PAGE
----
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Re: [seul-edu] High School Educational Programs
> I think we need to approach the makers of as many of the reference titles
> can (Microsoft is unlikely to be receptive, but Britannica and Grolier
> and ask if we can develop open source interfaces to their material. I
> why they wouldn't be agreeable to passing along their data formats and
> this would only increase the usability of their titles.
A good idea. Web based sites are all very well, but the trouble is that they
are generally subscription based. I don't think up to date information is
really much of a priority - that's what the Internet itself is best for. An
encyclopaedic reference that you pay once for that is locally accessible is
> As for circuit design tools, for a first cut go to
> <http://sal.kachinatech.com/Z/1/> and poke around. There are a bunch of
> And of course I have to mention gEDA <http://geda.seul.org> and FreeHDL
> <http://freehdl.seul.org> , which are hosted on SEUL.
> > I feel that for our school anything except Microsoft
> > Office is almost unthinkable, simply because of the penetration of this
> > suite into the business world - I know the main argument against any
> > migration would be that 'it's not what they'll need to know in the
> > workplace', which is, after all, what it's all about.
> Well, that's a philosophical point that we each have to deal with. I
> think that teaching them only how one particular piece of software works
> than how the particular category (word processors, spreadsheets, etc.)
> doing them a disservice. Having an understanding of what's going on makes
> fairly easy for them to adapt to similar programs, while only knowing
> to press to do a certain task doesn't.
The trouble is it's easier to teach and to learn a 'click here and it does
this' process, so less 'motivated' teachers will be turned off. The
interfaces have to be fairly similar so that these teachers don't feel that
all they've learned is being taken away from under their feet!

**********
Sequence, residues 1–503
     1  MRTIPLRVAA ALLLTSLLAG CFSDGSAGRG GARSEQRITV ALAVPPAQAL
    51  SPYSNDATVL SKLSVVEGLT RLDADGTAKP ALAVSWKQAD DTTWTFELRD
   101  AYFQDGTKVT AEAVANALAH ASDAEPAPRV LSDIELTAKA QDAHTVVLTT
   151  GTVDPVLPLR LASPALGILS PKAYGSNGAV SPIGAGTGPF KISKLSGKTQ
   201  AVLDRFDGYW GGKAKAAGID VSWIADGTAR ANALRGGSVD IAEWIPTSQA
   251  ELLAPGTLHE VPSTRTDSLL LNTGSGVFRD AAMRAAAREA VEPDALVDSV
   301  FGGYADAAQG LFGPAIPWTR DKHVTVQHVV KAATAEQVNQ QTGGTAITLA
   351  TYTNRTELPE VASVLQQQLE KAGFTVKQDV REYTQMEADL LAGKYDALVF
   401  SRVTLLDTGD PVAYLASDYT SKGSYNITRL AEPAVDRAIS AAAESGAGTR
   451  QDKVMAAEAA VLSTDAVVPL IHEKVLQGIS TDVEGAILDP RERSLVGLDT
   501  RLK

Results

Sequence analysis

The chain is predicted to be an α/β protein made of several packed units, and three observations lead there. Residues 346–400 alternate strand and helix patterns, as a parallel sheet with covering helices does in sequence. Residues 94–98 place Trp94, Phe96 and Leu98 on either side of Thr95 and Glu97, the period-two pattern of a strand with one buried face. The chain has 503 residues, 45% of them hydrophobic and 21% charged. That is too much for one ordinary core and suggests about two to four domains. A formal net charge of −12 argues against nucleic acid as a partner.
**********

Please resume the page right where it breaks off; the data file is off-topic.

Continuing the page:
> > For me right now I'd love to just be able to use WINE to run Office
> > directly. Although it would almost certainly stifle development of the
> > Linux office apps, at the moment as far as I can tell there is nothing
> > approaching Office.
> Actually, Star Office and Open Office seem to be approaching MS Office
> nicely. In some areas (as I understand it) they're surpassing MS Office.
I tried Star Office (understand that I'm a learner here, if I make any
comments that are just plain untrue or showing a lack of understanding
please let me know!). Looks fairly feature complete, but the monolithic
design is awful. I understand this is 'fixed' in Open Office, although
there's no spell checker in OO. What does it run like on older systems? We
run Office 95 on some P133s with 16MB RAM, and it's usable.
> > > 6) manage and track what students do <--(porn sites, viruses, a.k.a.
> > > they shouldn't be looking at or doing)
> > Absolutely. Fortunately you can set this sort of stuff up fairly easily,
> > although I have yet to see a Linux virus scanner...? Maybe I've just
> > looking in the wrong places.
> Go to
> That search found 19 projects.
Most of those were email scanners - are there any resident scanners like
Windows has? Or is that sort of thing not needed in the Linux world? On our
2k network, students bring in files from home, and the disks need to be
scanned before documents can be allowed on the network (in particular for
macro virii). We use resident scanners to prevent students from having to
remember to scan disks before they access files. Once again, forgive my
Linux newbie questions!
> > 1) Compatibility with current Windows reference apps - teachers like the
> > fact that they can get a reference title and it will probably work on
> > school system. Take that away and those teachers that are technically
> > 'switched on' will be quite unhappy
> This will be a problem unless most of those titles use fairly standard
> formats. With any luck, most of the publishers are using web interfaces
> data and we'll be able to address a bunch of them with one interface
> If not, I don't know of any way to deal with this other than on a case by
> > 2) Easy to migrate *from* Windows - Assuming that schools migrate from
> > Windows environment, it's got to be pretty similar at least to start off
> > with - if you're trying to teach kids how to use computers you don't
> > the interface changing half way through the course!
> Anyone doing a major hardware or software upgrade during a semester should
> shot, in my opinion. I say this as someone who's responsible for keeping
> university data network functional. We _never_ make such changes during
> periods; only during breaks.
I was more thinking of upgrading say during summer holidays, but (multi
year) courses span holidays. Teaching Microsoft Access at the end of one
school year and then a Linux based app with a different interface the next
is hard. Having thought about this more, I guess you'd just have to dual
boot while the older courses finished.
' Ore stabit fortis a fine placet ore stat '
- found on a park bench
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